Walking along the road with the merry crowd, excitement was building up in the air, the type of joyous anticipation you find in stadiums and concerts, or at carnivals or fireworks.

As I joined a group of onlookers to watch hundreds marathonians run past at what seemed to me the speed of light (and I’m not even talking about the pros, who were probably half-way to Central London by the time I left the house) I had a nice surprise.

Among the mixed crowd of sports enthusiasts, families, and locals like me who just stood staring, slightly incredulous, I spotted a group of older children leaning on the barriers waving arms, clapping and shouting encouragement: “C’mon guys! … you can do it!”…you’re doing great!!”. Many adults were also having a fantastic time, some watching in wonder with a big grin; others shouting and whistling almost as loud as the kids.

The beauty of it was that none of those people were cheering on anyone they knew – God knows if they even got to see the people they painted banners for, since over 30,000 people were running. Rather they were encouraging the entire sweaty colourful lycra flow and rejoicing for every single person in the race, from the pros that came first, to the fit amateurs that came later, down to the breathless and out-of-shape that came last.

A cynic would say that it’s a bit pathetic to run a marathon if you aren’t fit and seem in danger of collapsing less than 3 miles into it. But of course anyone who has run a marathon, or accomplished any sort of noteworthy achievement, will remember that they all started from zero, sometimes looking a bit pathetic themselves.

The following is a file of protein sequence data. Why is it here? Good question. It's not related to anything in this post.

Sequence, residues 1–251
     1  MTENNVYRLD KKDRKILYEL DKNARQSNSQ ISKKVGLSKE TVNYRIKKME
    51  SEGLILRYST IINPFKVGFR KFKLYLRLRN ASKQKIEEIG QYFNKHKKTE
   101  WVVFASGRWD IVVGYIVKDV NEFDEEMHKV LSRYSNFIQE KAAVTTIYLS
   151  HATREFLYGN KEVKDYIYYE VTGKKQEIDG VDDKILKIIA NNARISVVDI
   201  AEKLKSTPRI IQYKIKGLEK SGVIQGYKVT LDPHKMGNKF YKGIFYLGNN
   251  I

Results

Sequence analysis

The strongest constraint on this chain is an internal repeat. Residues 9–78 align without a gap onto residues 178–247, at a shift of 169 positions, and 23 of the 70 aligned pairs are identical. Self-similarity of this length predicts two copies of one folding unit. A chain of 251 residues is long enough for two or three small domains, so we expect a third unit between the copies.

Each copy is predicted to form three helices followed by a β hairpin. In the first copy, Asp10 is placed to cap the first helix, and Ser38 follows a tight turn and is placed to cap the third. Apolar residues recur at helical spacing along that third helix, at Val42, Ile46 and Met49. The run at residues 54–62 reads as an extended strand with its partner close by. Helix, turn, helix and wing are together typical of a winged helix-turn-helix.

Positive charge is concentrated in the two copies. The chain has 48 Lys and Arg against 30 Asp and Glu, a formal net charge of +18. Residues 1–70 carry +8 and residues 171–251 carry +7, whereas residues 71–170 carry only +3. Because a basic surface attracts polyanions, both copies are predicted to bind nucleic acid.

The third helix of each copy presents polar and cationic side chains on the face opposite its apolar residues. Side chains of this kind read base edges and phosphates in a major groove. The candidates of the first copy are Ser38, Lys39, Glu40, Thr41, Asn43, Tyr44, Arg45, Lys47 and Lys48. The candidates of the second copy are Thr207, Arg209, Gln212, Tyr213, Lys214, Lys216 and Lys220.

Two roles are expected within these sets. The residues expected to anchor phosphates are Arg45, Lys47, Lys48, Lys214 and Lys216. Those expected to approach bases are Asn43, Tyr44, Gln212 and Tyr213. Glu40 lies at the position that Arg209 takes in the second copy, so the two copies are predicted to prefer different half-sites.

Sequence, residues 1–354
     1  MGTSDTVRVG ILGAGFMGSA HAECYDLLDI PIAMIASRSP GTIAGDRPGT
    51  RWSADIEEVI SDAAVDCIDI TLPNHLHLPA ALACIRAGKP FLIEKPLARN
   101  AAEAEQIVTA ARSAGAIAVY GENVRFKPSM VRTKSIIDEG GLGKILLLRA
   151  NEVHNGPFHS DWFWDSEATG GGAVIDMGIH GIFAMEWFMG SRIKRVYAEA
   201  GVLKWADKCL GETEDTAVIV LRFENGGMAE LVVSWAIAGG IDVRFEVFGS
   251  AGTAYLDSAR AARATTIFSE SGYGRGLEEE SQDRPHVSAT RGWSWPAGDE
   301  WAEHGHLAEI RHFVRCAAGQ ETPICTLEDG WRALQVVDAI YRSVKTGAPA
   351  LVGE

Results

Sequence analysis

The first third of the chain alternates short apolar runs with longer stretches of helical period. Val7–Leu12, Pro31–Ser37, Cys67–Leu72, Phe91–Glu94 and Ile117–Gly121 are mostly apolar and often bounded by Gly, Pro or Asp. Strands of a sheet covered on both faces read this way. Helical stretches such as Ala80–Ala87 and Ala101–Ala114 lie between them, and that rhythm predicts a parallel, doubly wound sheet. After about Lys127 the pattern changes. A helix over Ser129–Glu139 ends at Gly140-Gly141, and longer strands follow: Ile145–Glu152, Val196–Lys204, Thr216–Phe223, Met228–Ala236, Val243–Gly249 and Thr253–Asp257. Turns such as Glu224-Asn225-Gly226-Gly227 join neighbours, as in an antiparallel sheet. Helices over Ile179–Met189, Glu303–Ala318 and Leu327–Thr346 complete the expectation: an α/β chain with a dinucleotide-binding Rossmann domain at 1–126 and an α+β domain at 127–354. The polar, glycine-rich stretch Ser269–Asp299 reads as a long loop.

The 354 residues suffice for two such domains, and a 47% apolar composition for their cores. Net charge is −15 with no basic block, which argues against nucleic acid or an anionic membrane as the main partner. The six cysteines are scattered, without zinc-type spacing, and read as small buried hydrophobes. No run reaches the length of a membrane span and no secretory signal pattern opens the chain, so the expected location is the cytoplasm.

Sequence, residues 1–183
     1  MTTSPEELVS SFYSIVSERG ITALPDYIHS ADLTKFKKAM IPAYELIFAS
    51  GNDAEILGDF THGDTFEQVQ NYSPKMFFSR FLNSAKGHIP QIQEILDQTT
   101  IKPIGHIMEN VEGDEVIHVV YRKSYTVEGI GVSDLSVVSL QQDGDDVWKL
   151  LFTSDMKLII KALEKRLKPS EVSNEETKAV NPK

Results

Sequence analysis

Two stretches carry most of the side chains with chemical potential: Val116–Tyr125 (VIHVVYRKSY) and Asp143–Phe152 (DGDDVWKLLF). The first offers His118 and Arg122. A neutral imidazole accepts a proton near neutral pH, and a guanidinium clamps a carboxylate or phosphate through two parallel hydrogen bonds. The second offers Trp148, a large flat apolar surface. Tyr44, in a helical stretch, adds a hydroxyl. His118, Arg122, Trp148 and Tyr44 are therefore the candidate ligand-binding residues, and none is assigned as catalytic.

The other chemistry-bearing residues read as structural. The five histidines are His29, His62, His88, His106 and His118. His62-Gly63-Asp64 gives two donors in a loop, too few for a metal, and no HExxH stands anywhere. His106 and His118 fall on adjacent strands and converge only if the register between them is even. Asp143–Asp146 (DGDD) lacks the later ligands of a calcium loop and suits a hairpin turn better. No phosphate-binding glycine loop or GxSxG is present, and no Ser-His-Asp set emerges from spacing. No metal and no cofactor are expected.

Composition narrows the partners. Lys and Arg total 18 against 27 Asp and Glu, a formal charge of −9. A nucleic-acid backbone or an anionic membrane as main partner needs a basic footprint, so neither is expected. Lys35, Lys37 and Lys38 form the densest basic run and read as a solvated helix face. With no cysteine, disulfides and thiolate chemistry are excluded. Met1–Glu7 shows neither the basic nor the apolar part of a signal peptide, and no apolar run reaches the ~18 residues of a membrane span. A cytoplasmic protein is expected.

So what the non-cynics were cheering on wasn’t the performance as much as the effort, the collective endeavour – with respect and admiration for the great, and perhaps respect and compassion for the not-so-great (who in truth deserve our admiration too, for having the sheer balls of running in the first place; I wouldn’t!).

I felt overwhelmed by a warm fuzzy feeling, and comforted by the happy fact that given half a chance, we humans will wholeheartedly rejoice for the success of others… even though we often feel compelled to jealousy or sneering, or putting them down if it makes us look better.

So as I looked at the cheering kids thinking that they will be the colleagues, bosses, partners, parents and citizens of tomorrow, I hoped they’ll remember how good it feels to cheer on the success of others.

Not least because by putting our petty grievances to the side and encouraging the success of those around us, we are really cheering on ourselves – both as individuals and a species. By encouraging our fellow human beings to be all that they can be, we push the limits of what is possible for us to do (to infinity, and beyond!). We also give ourselves a chance to become a positive and supportive person.

And since positive supportive people are everyone’s favourite people, we’re all the more likely to get all the encouragement back.

See, how we’re all linked to each other- you, me, and everybody else?

I eventually left the crowd and went to buy a coffee with a spring in my step, all warmed up by the April sun and the knowledge that what goes around comes around.

And it’s all for the best.